Interestingly enough, these young Mamluks of the present Sultan were also rivaled by the mushtakhdamun, the Mamluks of the previous Sultans. To that end, while most of the Sultan’s Mamluks were offered the choicest iqtas (lands or estates), the elite soldiers were demoted (by the next ruler) on the death of their patron, which created a non-hereditary system wherein the Mamluks could only be loyal to the present Sultan.

On the flip side, the new Sultan often faced a dearth of experienced troops and thereby had to rely on the older Mamluks (or qaranis) for conducting the difficult campaigns, in spite of their reduced payscale, holdings, and possibly even loyalty. 

Khusdash – The ‘Practical’ Brotherhood 

Illustration by Peter Dennis

Like many military fraternities, the Mamluks, in spite of coming from different regions outside the traditional borders of Islam, developed their bonds and camaraderie based on a mutual sense of loyalty to their masters. The esprit de corps was rather bolstered during the training period, and thus the groups of young men tended to form fellowships in such military schools.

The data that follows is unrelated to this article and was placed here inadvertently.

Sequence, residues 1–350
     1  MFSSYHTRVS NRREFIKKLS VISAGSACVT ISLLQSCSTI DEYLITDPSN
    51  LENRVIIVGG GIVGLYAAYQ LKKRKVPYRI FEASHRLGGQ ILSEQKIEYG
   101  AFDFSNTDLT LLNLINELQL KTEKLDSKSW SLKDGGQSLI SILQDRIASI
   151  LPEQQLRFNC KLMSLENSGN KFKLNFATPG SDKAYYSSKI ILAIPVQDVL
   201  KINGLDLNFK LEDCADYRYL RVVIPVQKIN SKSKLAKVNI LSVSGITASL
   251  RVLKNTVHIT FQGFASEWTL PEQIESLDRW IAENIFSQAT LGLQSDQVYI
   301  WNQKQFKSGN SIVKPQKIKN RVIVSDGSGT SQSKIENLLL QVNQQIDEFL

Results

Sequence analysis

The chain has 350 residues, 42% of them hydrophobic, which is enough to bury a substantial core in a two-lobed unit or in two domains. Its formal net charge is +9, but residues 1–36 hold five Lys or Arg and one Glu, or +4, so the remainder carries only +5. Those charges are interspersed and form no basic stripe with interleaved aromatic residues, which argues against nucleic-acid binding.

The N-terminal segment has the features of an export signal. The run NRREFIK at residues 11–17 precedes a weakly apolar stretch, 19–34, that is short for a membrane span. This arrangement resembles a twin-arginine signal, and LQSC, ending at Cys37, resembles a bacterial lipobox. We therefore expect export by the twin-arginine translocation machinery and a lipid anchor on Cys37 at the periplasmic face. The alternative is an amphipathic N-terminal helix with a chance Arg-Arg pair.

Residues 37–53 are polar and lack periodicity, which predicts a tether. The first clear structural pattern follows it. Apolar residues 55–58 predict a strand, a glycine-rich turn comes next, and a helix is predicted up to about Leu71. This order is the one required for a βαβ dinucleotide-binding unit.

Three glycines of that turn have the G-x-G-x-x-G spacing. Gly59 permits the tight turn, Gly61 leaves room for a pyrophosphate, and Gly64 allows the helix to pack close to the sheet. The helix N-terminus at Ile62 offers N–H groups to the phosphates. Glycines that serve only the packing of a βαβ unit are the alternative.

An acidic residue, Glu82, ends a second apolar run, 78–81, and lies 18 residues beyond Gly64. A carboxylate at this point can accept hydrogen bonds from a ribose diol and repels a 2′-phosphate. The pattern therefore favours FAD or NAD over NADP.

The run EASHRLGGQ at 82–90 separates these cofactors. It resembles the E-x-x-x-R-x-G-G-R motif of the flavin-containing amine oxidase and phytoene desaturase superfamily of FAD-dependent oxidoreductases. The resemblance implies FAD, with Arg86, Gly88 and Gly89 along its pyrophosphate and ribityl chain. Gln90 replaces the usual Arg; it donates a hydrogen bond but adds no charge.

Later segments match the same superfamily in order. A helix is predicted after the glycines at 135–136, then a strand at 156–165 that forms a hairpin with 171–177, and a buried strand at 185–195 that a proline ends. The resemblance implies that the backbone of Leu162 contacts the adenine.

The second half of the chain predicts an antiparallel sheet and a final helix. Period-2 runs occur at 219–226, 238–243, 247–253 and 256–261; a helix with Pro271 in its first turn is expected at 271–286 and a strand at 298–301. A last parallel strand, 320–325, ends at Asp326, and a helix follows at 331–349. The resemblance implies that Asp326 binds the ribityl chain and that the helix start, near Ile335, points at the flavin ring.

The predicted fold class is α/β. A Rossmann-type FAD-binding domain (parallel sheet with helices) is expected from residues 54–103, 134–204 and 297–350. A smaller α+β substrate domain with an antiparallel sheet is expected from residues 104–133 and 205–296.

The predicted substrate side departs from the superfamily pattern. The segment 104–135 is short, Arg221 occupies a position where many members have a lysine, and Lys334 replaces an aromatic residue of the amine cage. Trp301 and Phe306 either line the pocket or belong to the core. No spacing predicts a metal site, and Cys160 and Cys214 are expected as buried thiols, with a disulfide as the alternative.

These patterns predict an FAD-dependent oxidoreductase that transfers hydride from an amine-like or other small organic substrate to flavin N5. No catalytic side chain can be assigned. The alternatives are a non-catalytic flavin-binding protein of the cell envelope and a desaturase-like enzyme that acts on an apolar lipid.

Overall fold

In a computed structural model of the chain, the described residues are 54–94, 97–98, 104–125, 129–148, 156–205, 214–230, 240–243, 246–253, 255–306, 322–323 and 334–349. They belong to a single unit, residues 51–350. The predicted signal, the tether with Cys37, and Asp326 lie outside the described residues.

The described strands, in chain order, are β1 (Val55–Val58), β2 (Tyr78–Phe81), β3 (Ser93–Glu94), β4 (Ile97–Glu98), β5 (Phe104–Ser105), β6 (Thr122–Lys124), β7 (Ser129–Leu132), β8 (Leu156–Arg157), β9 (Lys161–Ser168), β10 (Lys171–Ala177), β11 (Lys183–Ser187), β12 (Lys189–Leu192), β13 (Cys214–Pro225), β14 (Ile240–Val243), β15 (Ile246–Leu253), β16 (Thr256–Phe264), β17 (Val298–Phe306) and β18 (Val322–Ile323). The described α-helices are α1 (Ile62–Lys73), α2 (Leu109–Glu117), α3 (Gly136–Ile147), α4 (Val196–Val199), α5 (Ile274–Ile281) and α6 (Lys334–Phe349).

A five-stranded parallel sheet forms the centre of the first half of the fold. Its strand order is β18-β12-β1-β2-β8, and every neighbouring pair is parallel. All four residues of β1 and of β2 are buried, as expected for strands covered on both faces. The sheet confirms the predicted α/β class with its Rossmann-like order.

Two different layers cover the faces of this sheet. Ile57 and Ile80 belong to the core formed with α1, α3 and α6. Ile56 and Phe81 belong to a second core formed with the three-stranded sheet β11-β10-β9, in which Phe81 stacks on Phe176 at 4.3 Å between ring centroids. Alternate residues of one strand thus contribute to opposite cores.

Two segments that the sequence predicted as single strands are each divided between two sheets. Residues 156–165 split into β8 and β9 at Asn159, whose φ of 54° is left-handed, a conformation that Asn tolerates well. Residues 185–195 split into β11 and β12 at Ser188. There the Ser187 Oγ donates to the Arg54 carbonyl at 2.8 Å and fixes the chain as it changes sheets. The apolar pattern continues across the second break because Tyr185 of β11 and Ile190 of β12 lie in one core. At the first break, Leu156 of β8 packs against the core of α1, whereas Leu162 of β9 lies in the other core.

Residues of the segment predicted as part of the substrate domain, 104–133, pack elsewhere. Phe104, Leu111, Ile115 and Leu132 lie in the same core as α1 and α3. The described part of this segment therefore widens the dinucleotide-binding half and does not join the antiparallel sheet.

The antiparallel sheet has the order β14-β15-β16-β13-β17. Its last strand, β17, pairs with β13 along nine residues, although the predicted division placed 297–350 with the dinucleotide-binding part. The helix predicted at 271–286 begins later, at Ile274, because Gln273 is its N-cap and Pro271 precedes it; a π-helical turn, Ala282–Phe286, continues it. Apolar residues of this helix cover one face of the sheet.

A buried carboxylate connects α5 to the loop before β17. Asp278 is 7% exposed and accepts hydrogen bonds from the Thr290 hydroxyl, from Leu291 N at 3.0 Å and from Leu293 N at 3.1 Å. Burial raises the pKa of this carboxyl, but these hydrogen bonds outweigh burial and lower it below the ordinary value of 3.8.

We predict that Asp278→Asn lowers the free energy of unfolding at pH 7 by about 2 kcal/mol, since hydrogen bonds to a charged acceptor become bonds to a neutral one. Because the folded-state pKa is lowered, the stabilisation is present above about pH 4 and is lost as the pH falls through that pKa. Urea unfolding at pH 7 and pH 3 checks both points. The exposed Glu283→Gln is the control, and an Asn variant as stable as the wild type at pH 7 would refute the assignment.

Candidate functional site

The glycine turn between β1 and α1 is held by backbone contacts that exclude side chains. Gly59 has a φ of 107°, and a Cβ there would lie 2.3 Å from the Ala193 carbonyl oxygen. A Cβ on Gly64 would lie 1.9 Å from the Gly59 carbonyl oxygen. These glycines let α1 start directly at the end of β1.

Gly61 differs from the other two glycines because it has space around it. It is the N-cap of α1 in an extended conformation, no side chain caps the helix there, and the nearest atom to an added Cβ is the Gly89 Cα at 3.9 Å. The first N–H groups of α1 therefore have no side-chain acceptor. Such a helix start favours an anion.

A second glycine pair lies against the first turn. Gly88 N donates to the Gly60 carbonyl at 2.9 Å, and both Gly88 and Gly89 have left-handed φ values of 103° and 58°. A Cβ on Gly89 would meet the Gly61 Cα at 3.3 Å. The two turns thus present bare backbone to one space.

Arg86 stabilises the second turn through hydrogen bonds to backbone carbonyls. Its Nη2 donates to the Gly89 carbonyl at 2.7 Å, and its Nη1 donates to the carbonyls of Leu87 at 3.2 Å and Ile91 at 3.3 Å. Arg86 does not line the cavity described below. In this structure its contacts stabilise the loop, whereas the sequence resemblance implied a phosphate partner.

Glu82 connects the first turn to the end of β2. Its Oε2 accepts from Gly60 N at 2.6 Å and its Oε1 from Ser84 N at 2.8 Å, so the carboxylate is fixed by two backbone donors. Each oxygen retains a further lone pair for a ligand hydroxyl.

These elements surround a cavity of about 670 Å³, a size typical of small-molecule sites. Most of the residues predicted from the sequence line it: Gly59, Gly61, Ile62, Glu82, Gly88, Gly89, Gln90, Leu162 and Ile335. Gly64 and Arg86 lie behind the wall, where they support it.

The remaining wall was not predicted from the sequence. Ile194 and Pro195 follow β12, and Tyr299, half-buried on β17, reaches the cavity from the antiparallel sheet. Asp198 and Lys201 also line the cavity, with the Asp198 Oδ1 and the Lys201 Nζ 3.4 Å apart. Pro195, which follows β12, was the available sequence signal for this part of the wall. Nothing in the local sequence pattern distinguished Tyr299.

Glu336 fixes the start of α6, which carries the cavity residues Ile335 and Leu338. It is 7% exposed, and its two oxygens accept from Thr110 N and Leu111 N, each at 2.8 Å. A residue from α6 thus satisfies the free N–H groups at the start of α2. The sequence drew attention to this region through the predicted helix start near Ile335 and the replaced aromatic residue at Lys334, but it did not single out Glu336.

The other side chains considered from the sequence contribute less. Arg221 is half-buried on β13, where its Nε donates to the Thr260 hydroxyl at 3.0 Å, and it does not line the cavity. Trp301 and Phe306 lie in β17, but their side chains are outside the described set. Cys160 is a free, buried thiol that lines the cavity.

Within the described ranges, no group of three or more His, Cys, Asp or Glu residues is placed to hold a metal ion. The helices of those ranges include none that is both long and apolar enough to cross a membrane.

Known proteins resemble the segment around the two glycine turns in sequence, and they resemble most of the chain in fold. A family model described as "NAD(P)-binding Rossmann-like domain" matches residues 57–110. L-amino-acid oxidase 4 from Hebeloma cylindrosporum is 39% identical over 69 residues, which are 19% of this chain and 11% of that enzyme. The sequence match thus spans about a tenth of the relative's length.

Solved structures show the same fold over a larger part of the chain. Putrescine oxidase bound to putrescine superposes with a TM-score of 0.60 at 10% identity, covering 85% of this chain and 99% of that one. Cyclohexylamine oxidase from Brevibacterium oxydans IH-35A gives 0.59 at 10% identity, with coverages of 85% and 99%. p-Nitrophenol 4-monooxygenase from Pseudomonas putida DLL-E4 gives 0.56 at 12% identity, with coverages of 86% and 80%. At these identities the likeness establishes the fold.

Interestingly enough, many of these members were often bought, trained, and released together – by their masters. And so, even when they served as Mamluks, driven by their camaraderie, the slave soldiers maintained their fraternity.

Over time, much like ancient Roman contubernium (tent group), the groups morphed into a brotherhood of sorts known as the khusdash. However, beyond just the emotional bond shared by the members, the khusdash was also fueled by the practicality of circumstances including sealed agreements involving the sharing of money.

Furthermore, if the master of the khusdash died, the entire unit (as opposed to individual Mamluks) was to be bought by a new master. Unsurprisingly, historian David Nicolle compared it to 21st-century businessmen who formed their own organizations.

Mamluks and Mangonels

Possibly due to the combined effect of the Crusader pressure and the Mongol onslaught, the 12th-century Islamic world was rather forced into the renewed adoption of military technologies that could provide them with momentary advantages.